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Songbirds' Learning Hub in Brain Offers Insight into Motor Control

May 20, 2012 UCSF scientists have shown that a key brain structure in the Bengalese finch acts as a learning hub, receiving information that helps to improve its song, a finding which may lead to new ways to treat neurological disorders that impair movement such as Parkinson’s disease.

Hellman Visiting Artist Program Fosters Dialogue About Creativity and the Brain

May 07, 2012 Old-time fiddler Heidi Clare Lambert, artist in residence at UCSF’s Memory and Aging Center, is part of the unique Hellman Visiting Artist Program, which was created to foster dialogue about creativity and the brain.

Nobel Laureate to Talk About Ways to Cure, Prevent Alzheimer's, Parkinson's Diseases

April 06, 2012 Nobel laureate Stanley Prusiner will talk about his prize-winning research about prions during the UCSF Osher Mini Medical School for the Public on April 16.

Two Scientists Receive 2011 Young Investigator Award from Society for Neuroscience

November 14, 2011 UCSF scientists Anatol Kreitzer, PhD, and Loren Frank, PhD, have won and will share the prestigious 2011 Young Investigator Award from the Society for Neuroscience. 

Antidepressant Linked to Developmental Brain Abnormalities in Rodents

October 24, 2011 A study by researchers at the University of Mississippi Medical Center and UCSF shows that rats given a popularly prescribed antidepressant during development exhibit brain abnormalities and behaviors characteristic of autism spectrum disorders.

New Clue to Brain Bleeding After Stroke Treatment

October 14, 2011 The only medication currently approved for stroke treatment – tissue plasminogen activator (tPA), which dissolves blood clots – is associated with an increased risk of bleeding in the brain, particularly among patients with hyperglycemia (high blood sugar).

How Normal Cells Become Brain Cancers

September 28, 2011 Brain tumor specimens taken from neurosurgery cases at the University of California, San Francisco (UCSF) Medical Center has given scientists a new window on the transformation that occurs as healthy brain cells begin to form tumors

Addiction Scientist Receives Presidential Early Career Award

September 26, 2011 Gallo neuroscientist Linda Wilbrecht, PhD, receives President’s Early Career Award, in recognition of her studies on the effects of drug use and stress on the adolescent brain, aimed at developing strategies to mitigate drug dependence.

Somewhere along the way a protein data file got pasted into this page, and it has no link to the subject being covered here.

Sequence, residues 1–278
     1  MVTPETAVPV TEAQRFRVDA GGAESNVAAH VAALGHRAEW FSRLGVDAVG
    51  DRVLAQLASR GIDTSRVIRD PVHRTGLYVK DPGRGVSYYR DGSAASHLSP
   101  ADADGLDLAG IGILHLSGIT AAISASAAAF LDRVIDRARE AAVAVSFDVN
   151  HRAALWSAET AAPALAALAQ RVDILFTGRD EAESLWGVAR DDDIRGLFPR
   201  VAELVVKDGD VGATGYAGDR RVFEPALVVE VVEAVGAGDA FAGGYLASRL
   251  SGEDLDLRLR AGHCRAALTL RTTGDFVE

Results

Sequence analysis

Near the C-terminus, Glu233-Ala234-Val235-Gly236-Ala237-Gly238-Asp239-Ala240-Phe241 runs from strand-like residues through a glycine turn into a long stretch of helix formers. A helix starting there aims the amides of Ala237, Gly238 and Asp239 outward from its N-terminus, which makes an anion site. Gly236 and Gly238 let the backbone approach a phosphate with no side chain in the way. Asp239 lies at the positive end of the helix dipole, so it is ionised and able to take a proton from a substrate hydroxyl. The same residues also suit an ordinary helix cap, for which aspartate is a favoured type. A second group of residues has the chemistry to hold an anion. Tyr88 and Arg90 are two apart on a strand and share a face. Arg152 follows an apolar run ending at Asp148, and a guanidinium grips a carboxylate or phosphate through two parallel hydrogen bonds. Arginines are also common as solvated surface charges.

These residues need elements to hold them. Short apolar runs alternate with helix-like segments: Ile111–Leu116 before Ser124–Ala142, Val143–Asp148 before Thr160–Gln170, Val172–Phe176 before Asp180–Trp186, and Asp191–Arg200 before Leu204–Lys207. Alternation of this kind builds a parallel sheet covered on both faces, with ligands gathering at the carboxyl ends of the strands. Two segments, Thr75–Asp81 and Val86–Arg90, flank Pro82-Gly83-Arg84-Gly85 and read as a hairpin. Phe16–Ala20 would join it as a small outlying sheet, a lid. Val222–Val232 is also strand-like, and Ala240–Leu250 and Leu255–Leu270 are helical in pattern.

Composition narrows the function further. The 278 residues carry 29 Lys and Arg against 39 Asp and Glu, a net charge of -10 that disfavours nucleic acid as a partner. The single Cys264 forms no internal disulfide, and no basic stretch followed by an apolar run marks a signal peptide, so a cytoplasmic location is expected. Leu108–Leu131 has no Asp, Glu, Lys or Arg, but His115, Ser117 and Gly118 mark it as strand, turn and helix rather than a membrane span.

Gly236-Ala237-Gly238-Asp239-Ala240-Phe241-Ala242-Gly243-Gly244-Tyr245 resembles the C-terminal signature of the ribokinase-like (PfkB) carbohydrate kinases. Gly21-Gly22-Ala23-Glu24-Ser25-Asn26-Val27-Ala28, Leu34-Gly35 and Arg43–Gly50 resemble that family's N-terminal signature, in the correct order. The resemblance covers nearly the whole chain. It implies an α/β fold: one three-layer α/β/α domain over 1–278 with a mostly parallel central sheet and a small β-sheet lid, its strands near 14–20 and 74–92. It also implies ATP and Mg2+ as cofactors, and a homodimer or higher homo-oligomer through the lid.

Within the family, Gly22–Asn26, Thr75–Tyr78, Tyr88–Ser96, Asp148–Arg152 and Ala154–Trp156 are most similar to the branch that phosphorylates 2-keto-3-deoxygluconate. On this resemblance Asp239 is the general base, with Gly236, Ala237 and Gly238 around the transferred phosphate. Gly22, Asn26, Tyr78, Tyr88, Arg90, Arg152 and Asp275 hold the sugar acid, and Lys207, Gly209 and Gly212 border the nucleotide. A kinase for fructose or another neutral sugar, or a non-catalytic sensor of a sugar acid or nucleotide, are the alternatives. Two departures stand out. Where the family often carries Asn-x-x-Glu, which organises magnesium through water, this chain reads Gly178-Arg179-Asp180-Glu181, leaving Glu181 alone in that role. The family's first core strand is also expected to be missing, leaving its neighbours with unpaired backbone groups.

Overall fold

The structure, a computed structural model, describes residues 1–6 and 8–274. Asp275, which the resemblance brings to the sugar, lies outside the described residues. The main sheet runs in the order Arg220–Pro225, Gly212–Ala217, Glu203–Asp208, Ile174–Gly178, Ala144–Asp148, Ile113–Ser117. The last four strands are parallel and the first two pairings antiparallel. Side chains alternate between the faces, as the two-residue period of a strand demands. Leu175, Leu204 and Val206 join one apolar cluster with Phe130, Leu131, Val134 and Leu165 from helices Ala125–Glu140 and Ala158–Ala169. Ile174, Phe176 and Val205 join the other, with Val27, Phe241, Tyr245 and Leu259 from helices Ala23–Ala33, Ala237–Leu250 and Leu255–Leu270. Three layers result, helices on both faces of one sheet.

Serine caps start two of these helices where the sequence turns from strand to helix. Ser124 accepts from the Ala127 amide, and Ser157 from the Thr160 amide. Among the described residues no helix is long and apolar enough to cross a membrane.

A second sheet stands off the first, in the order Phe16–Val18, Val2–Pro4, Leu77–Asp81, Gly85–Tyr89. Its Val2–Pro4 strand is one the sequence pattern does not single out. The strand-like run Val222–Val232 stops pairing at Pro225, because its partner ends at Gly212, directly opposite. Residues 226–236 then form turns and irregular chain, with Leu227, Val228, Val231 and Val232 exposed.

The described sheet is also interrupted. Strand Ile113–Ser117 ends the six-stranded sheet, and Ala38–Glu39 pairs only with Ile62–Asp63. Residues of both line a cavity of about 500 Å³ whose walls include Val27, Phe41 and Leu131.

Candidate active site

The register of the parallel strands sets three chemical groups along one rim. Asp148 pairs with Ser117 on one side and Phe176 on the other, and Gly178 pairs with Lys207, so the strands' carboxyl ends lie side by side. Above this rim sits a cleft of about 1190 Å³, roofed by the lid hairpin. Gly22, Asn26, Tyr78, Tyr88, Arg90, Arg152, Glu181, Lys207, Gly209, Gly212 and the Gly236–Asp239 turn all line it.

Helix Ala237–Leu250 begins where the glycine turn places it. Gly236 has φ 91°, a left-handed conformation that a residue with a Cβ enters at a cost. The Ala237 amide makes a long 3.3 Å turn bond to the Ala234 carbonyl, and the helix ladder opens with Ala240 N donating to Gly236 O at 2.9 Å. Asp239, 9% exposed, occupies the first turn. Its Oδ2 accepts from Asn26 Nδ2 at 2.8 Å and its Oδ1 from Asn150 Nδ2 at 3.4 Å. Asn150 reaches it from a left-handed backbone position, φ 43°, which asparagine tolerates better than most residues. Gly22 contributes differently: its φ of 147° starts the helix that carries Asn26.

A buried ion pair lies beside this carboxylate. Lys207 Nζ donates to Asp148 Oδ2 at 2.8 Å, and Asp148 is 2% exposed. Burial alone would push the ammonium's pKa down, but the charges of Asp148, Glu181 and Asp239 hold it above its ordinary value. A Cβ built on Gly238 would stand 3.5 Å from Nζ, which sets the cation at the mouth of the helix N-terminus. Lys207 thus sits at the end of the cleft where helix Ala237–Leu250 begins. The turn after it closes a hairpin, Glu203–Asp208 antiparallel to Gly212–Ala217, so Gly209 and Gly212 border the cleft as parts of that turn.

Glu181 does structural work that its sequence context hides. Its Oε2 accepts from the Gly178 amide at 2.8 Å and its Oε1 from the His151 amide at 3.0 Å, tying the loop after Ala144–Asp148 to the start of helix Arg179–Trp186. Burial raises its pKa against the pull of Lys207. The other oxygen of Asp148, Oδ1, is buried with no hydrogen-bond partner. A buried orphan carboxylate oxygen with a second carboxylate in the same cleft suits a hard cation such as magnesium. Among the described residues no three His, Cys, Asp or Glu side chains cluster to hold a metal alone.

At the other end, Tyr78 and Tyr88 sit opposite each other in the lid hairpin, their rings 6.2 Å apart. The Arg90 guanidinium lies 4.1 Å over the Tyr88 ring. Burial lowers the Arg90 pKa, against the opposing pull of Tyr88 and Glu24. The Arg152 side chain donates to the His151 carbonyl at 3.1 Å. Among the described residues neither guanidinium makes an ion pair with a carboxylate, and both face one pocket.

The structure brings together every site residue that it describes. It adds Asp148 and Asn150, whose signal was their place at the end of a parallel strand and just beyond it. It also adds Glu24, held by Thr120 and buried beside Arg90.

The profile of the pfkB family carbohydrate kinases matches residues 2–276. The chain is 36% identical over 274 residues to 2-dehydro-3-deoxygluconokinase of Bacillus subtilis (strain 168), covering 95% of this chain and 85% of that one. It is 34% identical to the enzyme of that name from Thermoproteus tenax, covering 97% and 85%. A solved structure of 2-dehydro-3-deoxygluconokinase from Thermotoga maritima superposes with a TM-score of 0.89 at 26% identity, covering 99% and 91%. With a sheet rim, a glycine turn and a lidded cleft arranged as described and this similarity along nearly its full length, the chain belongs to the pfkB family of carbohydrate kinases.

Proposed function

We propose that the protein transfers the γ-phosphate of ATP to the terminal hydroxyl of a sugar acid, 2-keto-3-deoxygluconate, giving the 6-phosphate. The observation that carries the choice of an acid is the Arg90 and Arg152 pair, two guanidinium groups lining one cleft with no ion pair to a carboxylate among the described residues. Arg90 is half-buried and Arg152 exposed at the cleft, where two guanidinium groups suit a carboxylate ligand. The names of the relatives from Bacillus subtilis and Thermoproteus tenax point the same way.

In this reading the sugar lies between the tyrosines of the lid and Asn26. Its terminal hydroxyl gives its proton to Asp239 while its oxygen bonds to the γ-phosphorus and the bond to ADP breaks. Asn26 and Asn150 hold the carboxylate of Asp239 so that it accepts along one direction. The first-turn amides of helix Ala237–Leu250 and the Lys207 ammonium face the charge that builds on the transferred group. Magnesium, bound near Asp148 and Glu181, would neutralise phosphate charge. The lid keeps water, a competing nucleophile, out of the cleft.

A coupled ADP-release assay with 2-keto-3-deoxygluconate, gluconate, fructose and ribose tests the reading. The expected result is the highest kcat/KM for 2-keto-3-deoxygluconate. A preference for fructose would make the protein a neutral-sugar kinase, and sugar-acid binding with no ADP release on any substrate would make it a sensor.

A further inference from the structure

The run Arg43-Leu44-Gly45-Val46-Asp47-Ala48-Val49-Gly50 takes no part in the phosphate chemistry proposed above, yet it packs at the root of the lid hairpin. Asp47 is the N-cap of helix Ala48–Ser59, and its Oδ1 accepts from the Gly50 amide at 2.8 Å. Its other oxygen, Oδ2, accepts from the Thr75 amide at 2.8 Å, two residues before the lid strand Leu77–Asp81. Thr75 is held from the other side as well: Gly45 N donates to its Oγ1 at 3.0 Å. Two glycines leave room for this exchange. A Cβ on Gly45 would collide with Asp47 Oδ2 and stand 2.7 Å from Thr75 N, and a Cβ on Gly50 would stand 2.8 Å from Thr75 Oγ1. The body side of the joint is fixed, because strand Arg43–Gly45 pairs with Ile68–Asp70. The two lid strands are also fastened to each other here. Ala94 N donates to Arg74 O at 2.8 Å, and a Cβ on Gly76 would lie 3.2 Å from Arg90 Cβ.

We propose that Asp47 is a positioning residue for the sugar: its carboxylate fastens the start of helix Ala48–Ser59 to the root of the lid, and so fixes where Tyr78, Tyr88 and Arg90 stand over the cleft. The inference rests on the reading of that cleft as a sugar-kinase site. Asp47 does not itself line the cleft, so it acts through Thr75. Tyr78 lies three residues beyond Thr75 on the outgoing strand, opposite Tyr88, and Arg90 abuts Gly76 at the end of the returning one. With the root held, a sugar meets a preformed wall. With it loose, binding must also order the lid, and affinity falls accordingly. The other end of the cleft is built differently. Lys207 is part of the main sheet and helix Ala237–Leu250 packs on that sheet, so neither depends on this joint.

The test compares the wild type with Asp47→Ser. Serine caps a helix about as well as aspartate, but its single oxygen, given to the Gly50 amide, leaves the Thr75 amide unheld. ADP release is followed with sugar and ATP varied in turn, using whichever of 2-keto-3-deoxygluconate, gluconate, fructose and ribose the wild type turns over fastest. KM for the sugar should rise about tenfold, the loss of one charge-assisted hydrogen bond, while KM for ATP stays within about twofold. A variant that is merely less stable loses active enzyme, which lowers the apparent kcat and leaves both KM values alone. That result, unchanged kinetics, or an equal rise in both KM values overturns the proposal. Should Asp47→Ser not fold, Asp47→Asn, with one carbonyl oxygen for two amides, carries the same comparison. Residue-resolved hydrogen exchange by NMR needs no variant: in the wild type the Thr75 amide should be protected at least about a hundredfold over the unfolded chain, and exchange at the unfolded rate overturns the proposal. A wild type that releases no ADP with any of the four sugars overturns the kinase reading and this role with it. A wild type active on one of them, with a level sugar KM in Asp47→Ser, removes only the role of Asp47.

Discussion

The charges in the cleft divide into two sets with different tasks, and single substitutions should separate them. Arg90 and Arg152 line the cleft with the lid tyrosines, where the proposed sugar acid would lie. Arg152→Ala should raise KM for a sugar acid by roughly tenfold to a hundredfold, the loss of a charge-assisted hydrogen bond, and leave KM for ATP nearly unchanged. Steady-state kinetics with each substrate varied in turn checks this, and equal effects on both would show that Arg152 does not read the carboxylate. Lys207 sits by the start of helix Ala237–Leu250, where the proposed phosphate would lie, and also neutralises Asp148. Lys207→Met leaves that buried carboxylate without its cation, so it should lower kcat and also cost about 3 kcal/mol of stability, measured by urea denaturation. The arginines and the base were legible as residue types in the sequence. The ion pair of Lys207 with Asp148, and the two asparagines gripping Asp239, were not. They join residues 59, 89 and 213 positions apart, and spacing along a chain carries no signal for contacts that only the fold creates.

Enzyme Might Be Target for Treating Smoking, Alcoholism at Same Time

September 12, 2011 An enzyme that appears to play a role in controlling the brain's response to nicotine and alcohol in mice might be a promising target for a drug that simultaneously would treat nicotine addiction and alcohol abuse in people.

UC Provost Lawrence Pitts to Retire in February 2012

September 08, 2011 Lawrence Pitts, professor emeritus of neurosurgery at UCSF, will retire in February 2012 after nearly three years as the University of California’s provost and executive vice president-academic affairs.

UCSF Cycling Team 'Menstrual Cycles' Fights Multiple Sclerosis

August 19, 2011 With four members diagnosed with multiple sclerosis (MS), three of whom are treated at the nation's leading MS Center at UCSF, a cylcing team will participate in the annual ride through the wine country to raise money to fight MS.

New Scorecard Identifies Patients at Highest Risk on Blood Thinners

August 03, 2011 A new and simple risk score may aid physicians in gauging the likelihood that a common drug will cause a hemorrhagic stroke or other major bleeding in patients with atrial fibrillation, potentially allowing wider but safer use of the effective drug.

UCSF Neuro-oncologists Engage Caregivers to Better Help Patients

July 29, 2011 Seeking to improve care for people with brain tumors, neuro-oncologists at UCSF Medical Center are beginning to look beyond the patient to engage a patient’s family, friends and other caregivers.

UCSF Study Highlights Success of Brain Surgery for Severe Epilepsy

July 20, 2011 Two-thirds of people with severe and otherwise untreatable epilepsy were completely cured of their frequent seizures after undergoing neurosurgery at the University of California, San Francisco Medical Center, according to a new study that examined 143 of these patients two years after their operations.

Traumatic Brain Injury More Than Doubles Dementia Risk

July 19, 2011 Patients diagnosed with traumatic brain injury (TBI) had over twice the risk of developing dementia within seven years after diagnosis compared to those without TBI, in a study of more than 280,000 older veterans conducted by researchers at the San Francisco VA Medical Center and UCSF.